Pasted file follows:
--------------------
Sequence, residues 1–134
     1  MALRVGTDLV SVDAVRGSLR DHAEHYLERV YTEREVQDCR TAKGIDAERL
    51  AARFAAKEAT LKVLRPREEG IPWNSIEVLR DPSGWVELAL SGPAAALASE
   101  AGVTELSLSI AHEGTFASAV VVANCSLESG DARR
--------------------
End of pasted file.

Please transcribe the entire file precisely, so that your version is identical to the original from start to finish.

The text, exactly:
Sequence, residues 1–134
     1  MALRVGTDLV SVDAVRGSLR DHAEHYLERV YTEREVQDCR TAKGIDAERL
    51  AARFAAKEAT LKVLRPREEG IPWNSIEVLR DPSGWVELAL SGPAAALASE
   101  AGVTELSLSI AHEGTFASAV VVANCSLESG DARR